When your doctor tells you your A1c result, do you know what it means? Here's how A1c can be used to help improve diabetes management for both type 1 and type 2 diabetes.
What is A1c?
A1c, also known as hemoglobin test, glycohemoglobin test, hemoglobin A1c test, or HbA1c test, is one of the most important diabetes care data measurements. A1c measures glycated hemoglobin in your system. Hemoglobin is a protein in red blood cells that carries oxygen to your cells. Glucose in your blood attaches to hemoglobin while it is doing its work. If your blood sugar levels run high over time, more glucose will attach and show up in an HbA1c blood test. The American Diabetes Association (ADA) recommends checking your A1c during your doctor visits every 3 to 6 months. But, when your doctor tells you your A1c test result, do you know what it means?
A1c vs. Your Glucose Meter
You can see how your HbA1c result translates to average blood sugar with our A1c chart below. But, your A1c is different from a blood sugar check that you do on your home glucose meter. Your own blood sugar checks give you a current, actionable reading. You can make short-term decisions off of your blood sugar result now based on your own target ranges. For example, if your current blood sugar is 200, you can choose to use some insulin to bring it down, or maybe you can reduce the carbohydrates in your next meal or snack to avoid pushing your blood sugar higher. Checking your blood sugar is key to adjusting day-to-day. Most meters provide average blood sugar levels and estimated average blood glucose levels (EAGs) based on stored data from cumulative readings.
Your A1c level, on the other hand, will tell you how well your blood sugar has been managed over time. It can be viewed as a 30- to 60-day average, and is reported as a percentage. For example, if your A1c is 7.5, that means that 7.5% of your hemoglobin is covered with glucose and your average glucose is about 169 (mg/dL). But, A1c isn't just another number. It's a data point that you can use in your self-care.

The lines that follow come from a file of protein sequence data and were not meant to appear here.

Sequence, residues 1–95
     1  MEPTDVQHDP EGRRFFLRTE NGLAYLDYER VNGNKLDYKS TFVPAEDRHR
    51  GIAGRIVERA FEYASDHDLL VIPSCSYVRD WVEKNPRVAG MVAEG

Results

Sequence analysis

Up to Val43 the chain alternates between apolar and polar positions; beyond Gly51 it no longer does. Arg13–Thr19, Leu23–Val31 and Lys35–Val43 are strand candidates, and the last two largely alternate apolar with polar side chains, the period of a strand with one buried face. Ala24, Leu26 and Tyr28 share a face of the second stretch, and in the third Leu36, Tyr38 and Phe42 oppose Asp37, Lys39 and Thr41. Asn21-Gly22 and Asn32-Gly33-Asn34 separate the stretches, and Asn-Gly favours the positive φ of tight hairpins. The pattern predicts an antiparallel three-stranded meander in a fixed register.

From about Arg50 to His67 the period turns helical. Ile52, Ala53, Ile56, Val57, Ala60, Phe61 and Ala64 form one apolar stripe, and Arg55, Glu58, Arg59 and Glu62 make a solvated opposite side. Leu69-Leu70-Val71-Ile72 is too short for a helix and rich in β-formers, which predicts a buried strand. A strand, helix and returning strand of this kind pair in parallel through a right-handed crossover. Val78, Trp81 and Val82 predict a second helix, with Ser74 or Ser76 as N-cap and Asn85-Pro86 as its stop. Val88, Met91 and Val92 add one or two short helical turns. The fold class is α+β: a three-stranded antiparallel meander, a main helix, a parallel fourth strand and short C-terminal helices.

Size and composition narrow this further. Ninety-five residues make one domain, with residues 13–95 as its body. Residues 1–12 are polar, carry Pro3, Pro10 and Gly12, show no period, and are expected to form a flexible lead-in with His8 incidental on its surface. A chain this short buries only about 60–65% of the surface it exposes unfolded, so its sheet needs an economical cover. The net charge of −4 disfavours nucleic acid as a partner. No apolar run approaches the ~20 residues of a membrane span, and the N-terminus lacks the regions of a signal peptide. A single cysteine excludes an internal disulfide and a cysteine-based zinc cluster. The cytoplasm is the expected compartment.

Using A1c to improve your diabetes management
The normal A1c range for somebody without diabetes is 4-6%. People who don't have diabetes maintain this range without any additional thought or effort. But those of us who live with diabetes have to work to reach an A1c target of 7% or less, as recommended by the ADA, and reduce the risk of developing additional health issues related to extended high blood sugar. An HbA1c test can be an indicator of whether your current diabetes management plan is working optimally. If the result is higher than your target number, it may be time to discuss other diabetes treatment options with your health care team or adjust your eating strategies to reduce average blood sugar.
Your target A1c goal and current A1c level may be different from other people's because certain other factors should be considered, including diabetes type (type 1, type 2, gestational diabetes, prediabetes, etc.), diabetes complications, additional health conditions like sickle cell disease, liver disease, or kidney disease, therapy needs, procedures such as blood transfusion, and your risk factor for severe hypoglycemia (low blood sugar).
A1c isn't the full story
While your HbA1c level can tell you a great deal about how well your personal diabetes management is going, it cannot tell you everything. If you think about the number as an average for the last 30 days, there is an enormous range that can get you there. If your HbA1c is 5 you may have maintained a steady blood sugar range of 90 to 104 mg/dL over the last 3 months, or you could have been dealing with several high and low blood sugar episodes that average out to 97 mg/dL. Learn more from diaTribe about the nuance of using A1c as the gold standard and how it cannot capture other critical outcomes that matter.
Remember: living with diabetes is a journey. The numbers are simply data points. And, you can find new ways to work with your healthcare provider and adjust your diabetes management plan to achieve better health outcomes.
Want a better understanding of your latest A1c result? Check out our A1c conversion chart.
Originally published July 2018. Updated October 2020.